Harare (New Ziana) – Opposition Movement for Democratic Change (MDC)leader Nelson Chamisa on Wednesday again insisted on exclusive, foreign-mediated talks between his party and the government on the difficulties the country was facing, a demand President Emmerson Mnangagwa has repeatedly turned down in preference for the ongoing dialogue format that involves all political parties.
After winning the 2018 general election, President Mnangagwa set up a dialogue platform to allow all parties that took part in the poll to contribute ideas to nation-building, and also to heal election-related animosities.
Nineteen of the 23 political parties that contested the election, including the victor Zanu-PF, joined the Political Actors’ Dialogue (Polad), and have made quite meaningful contributions to various issues facing the country.
But the MDC, which disputed the outcome of the election, stayed out, insisting on special treatment, including exclusive foreign-mediated dialogue with Zanu-PF.
Addressing the media on Wednesday, Chamisa said he had ideas to contribute to nation-building, but would only bring these out in exclusive, foreign-mediated negotiations with the government.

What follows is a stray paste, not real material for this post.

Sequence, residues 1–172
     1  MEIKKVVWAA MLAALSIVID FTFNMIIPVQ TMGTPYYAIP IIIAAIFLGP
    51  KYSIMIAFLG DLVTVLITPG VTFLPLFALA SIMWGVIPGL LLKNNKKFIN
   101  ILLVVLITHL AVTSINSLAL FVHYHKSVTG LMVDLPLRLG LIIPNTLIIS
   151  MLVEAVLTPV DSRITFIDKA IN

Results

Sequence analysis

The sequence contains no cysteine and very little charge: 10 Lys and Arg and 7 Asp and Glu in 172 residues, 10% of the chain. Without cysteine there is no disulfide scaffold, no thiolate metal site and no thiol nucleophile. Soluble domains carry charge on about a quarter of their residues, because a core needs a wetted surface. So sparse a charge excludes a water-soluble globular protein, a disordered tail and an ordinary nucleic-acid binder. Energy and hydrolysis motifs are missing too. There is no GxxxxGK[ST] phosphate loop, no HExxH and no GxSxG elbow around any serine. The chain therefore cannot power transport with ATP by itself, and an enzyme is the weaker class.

This is widely seen as an attempt by the party to engineer yet another government of national unity, similar to one former South African President Thabo Mbeki brokered between the MDC and ZANU-PF in 2008 after deadlocked elections.
But the government has repeatedly ruled this out on grounds the 2018 polls the MDC disputes were given a clean bill of health not only by local, regional and international election monitors, but by the highest court of the land as well – the Constitutional Court.
“My intention is not to be in a government of national unity. Forget and relax. I am not motivated or moved by power. We do not want power, it’s about the people; it’s about the issues affecting Zimbabweans,” Chamisa told the media.
“We must work together, to have a common solution, not to share power but to share values, to share visions, to share how we must run elections.”
But in the same breath, Chamisa threatened to unleash more protests against Government, which in the past have turned into orgies of violence.
“We will not continue in this path of talking about dialogue, we must be able to resolve this issue once and for all. So you will see more of people taking to the streets, you will see more of the people active now than never before,” he said.
“Anger is growing across the whole country. It’s the anger which is going to be a catalyst to a revolution.”
In August 2018 and January 2019, MDC-organised demonstrations resulted in the death of at least 14 people and massive looting and destruction of property in many cities.